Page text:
Report from Headquarters
Deadline Approaching for Shepard Award Nominations
Written by: developer
The deadline is approaching to nominate an educator to receive the 2010 Alan Shepard Technology in Education Award. Given by the Astronauts Memorial Foundation (AMF), the National Aeronautics and Space Administration (NASA), and the Space Foundation, the award will be presented April 12 during the Opening Ceremony of the 26th National Space Symposium at The Broadmoor Hotel in Colorado Springs, Colo.
Entries must be postmarked by Jan. 16, 2010. For detailed information on submitting an application, the review process, and selection criteria, see The Astronaut’s Memorial Foundation www.amfcse.org/, or see the Space Foundation education awards.
The 26th National Space Symposium is the premier gathering of the global space community. The agenda includes presentation of a number of prestigious space-related awards, including the Alan Shepard Technology in Education Award.
The award is named after Alan Shepard, one of the nation’s original seven Mercury astronauts, the first American to fly in space, one of only 12 humans who have walked on the moon, and a former AMF board member.
Open to all K-12 school- and district-level educators across the U.S., the Alan Shepard Technology in Education Award recognizes excellence in the development and delivery of technology programs, with priority given to programs that focus on aerospace and/or aeronautics. The nominations must demonstrate how the program ultimately benefits students in a school or district. A school-level candidate must be nominated by his/her school principal and a district-level nominee must be nominated by his/her superintendent or associate superintendent.
The winner receives $1,000, a trophy, his/her name engraved with past winners’ names on a plaque at the Center for Space Education at the Kennedy Space Center in Florida, and an expense-paid trip to the Space Foundation’s 26th National Space Symposium, April 12-15, 2010. The honoree is formally presented the award at the Symposium’s Opening Ceremony and can then participate in education programs for teachers at the Symposium.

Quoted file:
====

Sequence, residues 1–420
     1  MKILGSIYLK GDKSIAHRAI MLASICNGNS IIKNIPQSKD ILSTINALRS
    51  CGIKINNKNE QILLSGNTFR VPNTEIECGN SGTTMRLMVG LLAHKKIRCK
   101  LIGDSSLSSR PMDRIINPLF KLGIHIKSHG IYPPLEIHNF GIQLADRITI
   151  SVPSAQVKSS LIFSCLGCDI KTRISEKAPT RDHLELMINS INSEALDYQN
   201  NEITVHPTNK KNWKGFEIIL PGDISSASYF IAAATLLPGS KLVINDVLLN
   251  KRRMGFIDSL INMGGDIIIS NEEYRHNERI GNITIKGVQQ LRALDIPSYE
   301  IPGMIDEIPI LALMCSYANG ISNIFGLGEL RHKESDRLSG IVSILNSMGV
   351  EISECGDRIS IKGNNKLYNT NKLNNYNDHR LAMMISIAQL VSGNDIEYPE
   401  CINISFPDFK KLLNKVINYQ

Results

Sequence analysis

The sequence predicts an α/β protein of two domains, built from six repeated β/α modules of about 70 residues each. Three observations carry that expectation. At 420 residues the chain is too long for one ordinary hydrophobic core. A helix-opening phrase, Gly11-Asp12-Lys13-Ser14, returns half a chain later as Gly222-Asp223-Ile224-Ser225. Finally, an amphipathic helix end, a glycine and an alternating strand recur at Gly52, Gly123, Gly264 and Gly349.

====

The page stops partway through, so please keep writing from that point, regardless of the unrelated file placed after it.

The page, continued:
Ricardo V. Soria, assistant principal of Choctawahatchee High School in Fort Walton Beach, Fla., was named the 2009 recipient for his role in creating the Engineers For America (EFA) program, an innovative elementary school initiative that promotes science, technology, engineering, and mathematics (STEM) education through hands-on flight, aviation, and aerospace activities.
The Space Foundation’s 26th National Space Symposium will offer workshops, forums, panels, and presentations covering all aspects of space, a number of special dinners and luncheons, and presentation of space-related awards. The 2009 event attracted almost 8,000 attendees, exhibitors, sponsors, and speakers.
The Symposium will also include a full-day workshop for Space Foundation Teacher Liaisons, a group of nationally recognized educators who are passionate about space science. The event will have staying power in the form of hands-on curriculum that the teachers can immediately take back to their classrooms.
Online registration and more information, including agenda, speakers, exhibitors and sponsors, are available at www.NationalSpaceSymposium.org.
This article is part of Space Watch: January 2010 (Volume: 9, Issue: 1).
Posted in Report from Headquarters